Pauls Quiz 185

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1. Hypothetically, when did a Higgs boson first occur ?

2. What is an oriental Tagine or Tajine ?  
    a. casserole pot  
    b. water pipe  
    c. market place  
    d. steam bath

3. There were eight number one songs in either the US or UK charts in the 1980s with an animal in the title. Name four.

4. St. Francis of Assisi was the first person to exhibit signs of which phenomena ?   
    Clue, if needed, It can be holey.

5. A large southern island was once named after a Dutchman, then changed and named after another Dutchman. Name the double Dutchmen.

6. The capital of the biggest oil producing country in Africa is , on some lists at least,  'the most expensive city' in the world. Name the country and its capital city. (It is not Nigeria)

7. Which 'remote' 77 kg star (and a number one hit) in January 1963 ceased to be heard from one month later ?

8. "Theirs not to reason why, Theirs but to do and die" describes which battle in which war ?

9. Which three famous celebrities are mentioned in Nina Simones song 'My Baby Just Cares For Me' ?   
    Clue, if needed:    .   "...... 1 ....... is not his style and even ..... 2....... smile"  "and even ....3.... smile"

10. In the song 'Where do you go to my lovely`, what is the name of the girl and in which city did she spend her poverty stricken childhood ?

ANSWERS

1. A split second after the big bang.  (shortly after is acceptable)

2. a. casserole pot A tajine or tagine is a type of dish found in the North African cuisines of Morocco, which is named after the special pot in which it is cooked. The traditional tajine pot is formed entirely of a heavy clay which is sometimes painted or glazed. It consists of two parts; a base unit which is flat and circular with low sides, and a large cone or dome-shaped cover that rests inside the base during cooking. The cover is so designed to promote the return of all condensation to the bottom. With the cover removed, the base can be taken to the table for serving. Recently, European manufacturers have created tajines with heavy cast iron bottoms that can be fired on a stovetop at high heat. This permits browning meat and vegetables before cooking. While the similar Dutch oven and Sač spell (sach) (a cast iron pot with a tight cover) braises most efficiently in the oven, the tajine braises best on the stovetop.

3. Eight Answers
    When Doves Cry, 
    The Lion Sleeps Tonight, 
    Eye Of The Tiger, 
    Batdance, 
    Monkey, 
    Baby I Love Your Way-Free Bird Medley, 
    The Chicken Song, 
    Karma Chameleon

4. Stigma or stigmata Stigmata are bodily marks, sores, or sensations of pain in locations corresponding to the crucifixion wounds of Jesus. The term originates from the line at the end of Saint Paul's Letter to the Galatians where he says, "I bear on my body the marks of Jesus," stigmata is the plural of the Greek word stigma meaning a mark or brand such as might have been used for identification of an animal or slave. An individual bearing stigmata is referred to as a stigmatic. The first well-documented case and the first to be accepted by Church authorities as authentic, was that of Saint Francis of Assisi (1182?1226), who first experienced stigmata in La Verna, Italy, in 1224. In the century after the death of St. Francis, more than twenty additional cases of stigmata were reported. Stigmata have continued to be reported since, with over three hundred cases by the end.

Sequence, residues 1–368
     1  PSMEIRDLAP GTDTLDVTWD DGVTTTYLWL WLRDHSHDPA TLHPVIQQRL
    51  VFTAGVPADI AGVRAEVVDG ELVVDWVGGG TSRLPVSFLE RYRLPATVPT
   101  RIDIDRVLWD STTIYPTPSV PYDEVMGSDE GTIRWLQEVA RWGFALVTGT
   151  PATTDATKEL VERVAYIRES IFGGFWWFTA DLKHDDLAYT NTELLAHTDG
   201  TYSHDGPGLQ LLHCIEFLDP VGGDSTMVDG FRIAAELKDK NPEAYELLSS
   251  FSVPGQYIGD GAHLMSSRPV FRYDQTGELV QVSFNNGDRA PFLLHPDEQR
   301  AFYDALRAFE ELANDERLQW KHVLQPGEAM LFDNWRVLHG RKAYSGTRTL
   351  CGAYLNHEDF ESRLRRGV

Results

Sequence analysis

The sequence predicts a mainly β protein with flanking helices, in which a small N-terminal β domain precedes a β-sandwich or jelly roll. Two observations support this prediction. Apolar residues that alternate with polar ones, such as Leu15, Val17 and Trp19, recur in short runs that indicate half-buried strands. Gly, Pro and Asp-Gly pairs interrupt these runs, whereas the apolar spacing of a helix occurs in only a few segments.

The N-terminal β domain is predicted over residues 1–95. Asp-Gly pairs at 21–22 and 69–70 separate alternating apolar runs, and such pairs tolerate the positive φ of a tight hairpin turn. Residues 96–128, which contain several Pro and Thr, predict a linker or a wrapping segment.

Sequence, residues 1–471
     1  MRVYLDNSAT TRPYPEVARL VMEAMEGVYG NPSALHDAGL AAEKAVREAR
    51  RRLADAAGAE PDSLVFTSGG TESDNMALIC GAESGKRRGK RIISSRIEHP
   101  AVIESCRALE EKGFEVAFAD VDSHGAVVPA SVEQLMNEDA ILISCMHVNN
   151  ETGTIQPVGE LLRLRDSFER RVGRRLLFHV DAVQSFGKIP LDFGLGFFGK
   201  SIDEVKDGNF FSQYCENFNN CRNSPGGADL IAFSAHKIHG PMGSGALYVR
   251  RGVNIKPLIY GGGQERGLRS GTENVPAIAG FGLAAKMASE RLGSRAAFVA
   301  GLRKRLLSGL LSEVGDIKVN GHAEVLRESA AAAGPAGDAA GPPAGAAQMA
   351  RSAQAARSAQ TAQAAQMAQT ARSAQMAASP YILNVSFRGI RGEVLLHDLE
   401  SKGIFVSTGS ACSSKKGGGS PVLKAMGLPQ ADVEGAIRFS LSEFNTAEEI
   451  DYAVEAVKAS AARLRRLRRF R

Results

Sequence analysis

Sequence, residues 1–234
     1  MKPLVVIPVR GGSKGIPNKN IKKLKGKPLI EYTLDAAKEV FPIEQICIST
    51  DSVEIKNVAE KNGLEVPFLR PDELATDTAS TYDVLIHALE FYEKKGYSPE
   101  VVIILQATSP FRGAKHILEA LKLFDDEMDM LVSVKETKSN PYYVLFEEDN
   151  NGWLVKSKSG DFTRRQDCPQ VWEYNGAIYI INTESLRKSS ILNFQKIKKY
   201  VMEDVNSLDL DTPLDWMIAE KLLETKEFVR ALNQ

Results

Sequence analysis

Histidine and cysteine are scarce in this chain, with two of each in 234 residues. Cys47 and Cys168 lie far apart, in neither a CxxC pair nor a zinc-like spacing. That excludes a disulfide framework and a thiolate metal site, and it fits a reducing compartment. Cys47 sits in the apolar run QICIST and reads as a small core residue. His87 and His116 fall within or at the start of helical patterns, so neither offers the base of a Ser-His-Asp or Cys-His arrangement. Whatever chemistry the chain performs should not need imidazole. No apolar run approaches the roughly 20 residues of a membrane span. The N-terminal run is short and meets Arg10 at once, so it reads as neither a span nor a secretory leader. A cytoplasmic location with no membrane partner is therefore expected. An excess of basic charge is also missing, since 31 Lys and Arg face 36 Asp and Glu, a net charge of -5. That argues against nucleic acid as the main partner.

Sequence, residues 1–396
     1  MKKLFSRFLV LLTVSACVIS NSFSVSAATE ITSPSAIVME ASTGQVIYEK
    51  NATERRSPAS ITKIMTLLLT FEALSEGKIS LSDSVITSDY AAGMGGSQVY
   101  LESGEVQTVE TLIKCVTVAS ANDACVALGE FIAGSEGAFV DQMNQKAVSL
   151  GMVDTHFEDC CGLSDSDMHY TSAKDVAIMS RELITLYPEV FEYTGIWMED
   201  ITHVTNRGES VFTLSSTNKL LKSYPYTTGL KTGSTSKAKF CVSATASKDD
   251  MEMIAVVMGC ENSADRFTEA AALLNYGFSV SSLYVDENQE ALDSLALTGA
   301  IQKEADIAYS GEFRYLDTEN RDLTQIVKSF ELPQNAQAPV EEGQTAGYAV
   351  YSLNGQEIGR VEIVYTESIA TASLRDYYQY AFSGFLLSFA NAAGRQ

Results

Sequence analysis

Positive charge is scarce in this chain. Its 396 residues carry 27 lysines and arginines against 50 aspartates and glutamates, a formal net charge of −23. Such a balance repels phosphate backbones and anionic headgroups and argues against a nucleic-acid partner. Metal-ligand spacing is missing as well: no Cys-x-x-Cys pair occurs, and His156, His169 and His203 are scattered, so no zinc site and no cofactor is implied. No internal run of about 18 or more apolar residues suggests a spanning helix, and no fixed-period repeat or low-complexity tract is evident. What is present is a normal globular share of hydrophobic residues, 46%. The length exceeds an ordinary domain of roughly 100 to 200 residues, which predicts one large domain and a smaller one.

5. Van Dieman and Abel Tasman.  
    Tasmania was once called Van Dieman's Land

6. Angola, Luanda.

7. The original Telstar communications satellite. It probably ceased to transmit end of February 1963 due to radiation from US atomic tests. 
    The Tornados had a number one hit in the US with 'Telstar'.   
    Tele means 'remote'.

8. The Charge of The Light Brigade in The Crimean War. (battle of Balaklava)
    From the poem The Charge of The Light Brigade from Alfred Lord Tennyson.

9. "Liz Taylor is not his style and even Lana Turners smile"  
    "and even Liberaces smile"

10. Marie Claire, Naples. (I remember the back streets of Naples, Two children begging in rags)"Where Do You Go To (My Lovely)" is a 1969 song by Peter Sarstedt. It was a #1 hit in the UK charts for six weeks in 1969 and was awarded the 1969 Ivor Novello Award, together with David Bowie's "Space Oddity". The song is about a girl named Marie-Claire from the "back streets of Naples" who grows up to become a member of the jet set, and lives in Paris. The lyrics describe her from the perspective of a childhood friend; it is left unclear whether they have remained close. The rhetorical question of the title suggests that her glamorous lifestyle may not have brought Marie-Claire happiness or contentment.

 

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